I had always liked my life with an escape hatch so that I never felt trapped. I didn’t want to grow old and regret tying myself right back into the Leave-It-to-Beaver family I had grown up in. Sure, I wanted that at some point, perhaps, but wasn’t that what older age was for? What good was my youth if I spent it simply re-creating the life I had already experienced as a child? I wanted to see the world. I wanted to feel the warmth of the sun on every ocean’s shore, to experience how different it felt on my skin.

  But Omar was right. Time was running out for me to face that fork in the road. My son—our son—would be arriving any day, and there would be no turning back after that.

  “My love,” whispered Omar as he nuzzled against my face. “I need to know what you intend to do after the baby has arrived. I know his creation began as a much more practical arrangement, but I think he—and we—have grown beyond that.” He curled his fingers in mine and pulled my body against him.

  “Yes, we have,” I agreed, squeezing his hand.

  “Our son was born of love, not through a procedure in a medical lab,” said Omar. “And I am truly grateful that, whatever happens next, I can tell him that with utmost honesty. He will know he was the product of love.”

  “Yes, he is,” I said, smiling. I ran a hand down the side of Omar’s smooth, handsome face. “I do love you, Omar.”

  “And I love you.” He kissed my hand. “I think you know what I would ask of you. I want to know if you intend on following through with our original arrangement, or if you could be persuaded to stay here in Al-Thakri with me, and our son.”

  Hearing the decision laid out so starkly only made my anxiety and fear loom bigger. I took a deep breath and let it out, trying to suppress the groan that came with it. I didn’t want to hurt Omar’s feelings. He was only doing what was right, confirming with me how I felt so that we could think about the future together, like mature adults. But in that moment, I didn’t want to face reality.

  I didn’t want to face it because I still didn’t know what I was going to do. Shameful or not, I was still torn between the old, adventuring me, and the new Carrie who was emerging just as surely as her son was: one day at a time. Neither of them had pulled ahead of the other in this internal civil war, and I didn’t want to break Omar’s heart by telling him that. Not when he was in such joyous spirits about our son.

  Omar waited, searching my face for any hint of what was in my head. Before I could form any sort of reasonable answer to give him, a sharp pain erupted in my belly, and I cried out. My hands flew to my stomach.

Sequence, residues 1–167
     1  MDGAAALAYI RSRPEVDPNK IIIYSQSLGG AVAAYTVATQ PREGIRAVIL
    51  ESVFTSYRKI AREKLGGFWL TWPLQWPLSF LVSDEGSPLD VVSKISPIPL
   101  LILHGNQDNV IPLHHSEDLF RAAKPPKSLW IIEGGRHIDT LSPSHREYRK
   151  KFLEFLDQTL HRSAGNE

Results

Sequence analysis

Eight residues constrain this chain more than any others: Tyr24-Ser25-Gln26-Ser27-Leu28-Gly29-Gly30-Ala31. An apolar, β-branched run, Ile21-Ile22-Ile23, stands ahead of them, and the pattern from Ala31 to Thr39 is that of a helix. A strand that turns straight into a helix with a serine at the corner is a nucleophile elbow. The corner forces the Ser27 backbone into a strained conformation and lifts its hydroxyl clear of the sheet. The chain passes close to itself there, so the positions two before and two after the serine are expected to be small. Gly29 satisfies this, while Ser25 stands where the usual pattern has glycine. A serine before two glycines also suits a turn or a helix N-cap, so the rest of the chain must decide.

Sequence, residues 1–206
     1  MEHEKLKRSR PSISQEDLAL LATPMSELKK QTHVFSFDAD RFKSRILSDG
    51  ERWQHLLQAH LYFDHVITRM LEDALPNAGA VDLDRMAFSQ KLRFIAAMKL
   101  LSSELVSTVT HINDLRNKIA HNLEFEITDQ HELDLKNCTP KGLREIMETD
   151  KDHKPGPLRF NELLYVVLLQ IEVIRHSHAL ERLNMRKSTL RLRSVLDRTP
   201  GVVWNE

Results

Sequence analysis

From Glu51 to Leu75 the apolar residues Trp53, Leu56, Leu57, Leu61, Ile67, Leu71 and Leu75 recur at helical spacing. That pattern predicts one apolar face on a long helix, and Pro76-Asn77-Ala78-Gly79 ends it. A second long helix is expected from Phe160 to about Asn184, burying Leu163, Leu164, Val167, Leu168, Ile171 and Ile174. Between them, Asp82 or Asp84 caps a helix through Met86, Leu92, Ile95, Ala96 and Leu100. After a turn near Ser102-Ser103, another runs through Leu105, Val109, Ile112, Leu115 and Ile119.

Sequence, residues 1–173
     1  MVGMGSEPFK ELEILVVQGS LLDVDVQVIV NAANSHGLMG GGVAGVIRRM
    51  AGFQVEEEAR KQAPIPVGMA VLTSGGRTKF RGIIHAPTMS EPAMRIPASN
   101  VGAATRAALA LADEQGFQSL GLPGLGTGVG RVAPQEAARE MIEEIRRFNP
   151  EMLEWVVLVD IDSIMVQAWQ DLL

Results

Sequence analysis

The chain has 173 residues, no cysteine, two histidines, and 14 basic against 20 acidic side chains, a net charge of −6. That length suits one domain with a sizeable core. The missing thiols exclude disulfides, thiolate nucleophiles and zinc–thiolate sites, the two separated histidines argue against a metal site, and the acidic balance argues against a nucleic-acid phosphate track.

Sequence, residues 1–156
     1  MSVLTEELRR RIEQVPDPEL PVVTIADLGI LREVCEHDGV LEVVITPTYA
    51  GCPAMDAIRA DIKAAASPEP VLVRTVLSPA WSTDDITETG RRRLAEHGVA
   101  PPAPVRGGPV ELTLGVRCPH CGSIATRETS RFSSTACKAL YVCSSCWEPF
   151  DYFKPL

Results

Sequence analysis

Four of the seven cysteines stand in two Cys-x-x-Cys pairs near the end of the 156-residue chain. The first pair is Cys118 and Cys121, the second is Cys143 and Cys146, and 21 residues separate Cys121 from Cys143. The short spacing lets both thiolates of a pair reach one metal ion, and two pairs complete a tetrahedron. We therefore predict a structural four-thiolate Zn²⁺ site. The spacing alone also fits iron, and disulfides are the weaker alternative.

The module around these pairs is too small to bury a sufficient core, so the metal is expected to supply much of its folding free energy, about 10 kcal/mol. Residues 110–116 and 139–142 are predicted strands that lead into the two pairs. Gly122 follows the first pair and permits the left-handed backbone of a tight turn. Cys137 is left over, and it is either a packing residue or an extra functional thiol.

“Oh my God,” I whispered breathlessly.

  Omar’s expression twisted in worry as he sat bolt upright. “What is it? Are you all right?”

  I grasped my belly and waited, trying to breathe, when the pain came again, stronger and deeper this time. “Oh God. Omar… the baby is coming. He’s coming right now!”

  He blinked twice at me, as if I’d spoken in a foreign language.

  “Omar, I said the baby is coming!” I repeated with a stressed laugh.
“Now’s not the time to gape at me like a fish!”

  Reality hit him all at once. His eyes lit up and his face flushed with the rush of adrenaline. “The baby! My son is coming!”

  He leaped from the bed and ran for the hallway to call in Rafiq, who was posted outside in his usual position. Omar ordered his faithful bodyguard to gather up the overnight bags we had packed weeks ago.

  “Get them down to the garage and load them in the Rolls Royce,” he said to Rafiq, who seemed more than a little disoriented at the sudden interruption. “We have no time to arrange the royal transport. We’ll take her ourselves.”

  Rafiq turned a little pale. “Sir?”

  “Go, go!” Omar waved his hands toward the door. “We’ll be right behind you!”

  Rafiq didn’t argue. He gave me a tight-lipped, nervous smile before turning on his heel and disappearing out the door with my leather bag full of necessities. The heels of his dress shoes echoed in the hallway, pounding on the marble floor as he ran for the garage.

  The contractions were still at an early stage, but already the pain was beginning to be too much to bear. Suddenly, all the toughness I used to feel when dragging patients around in desert dust, protecting them from nearby artillery shells, seemed to evaporate.

  “Omar, we have to hurry. Do you have the wheelchair? I don’t think I can—” Another agonizing wave of pain came over me and stole my words as I moaned out.

  “Yes, my love, hold on!” Omar fetched the wheelchair we had procured from the medical ward and helped me move delicately into it from the bed. He kissed my forehead and kneeled down in front of me. “Do you need anything else before we go?”

  “Everything should be in the bag,” I replied in a tense voice, bending over as much as I could to try and absorb another contraction. “Make sure to grab my phone from the nightstand. My mother will murder me if she’s not the first to get a picture.”

  “Yes, of course. Pull the brakes up, let’s get you to the hospital.”

 

Turn Navi Off
Turn Navi On
Scroll Up
Scroll
  • 15 784
  • 0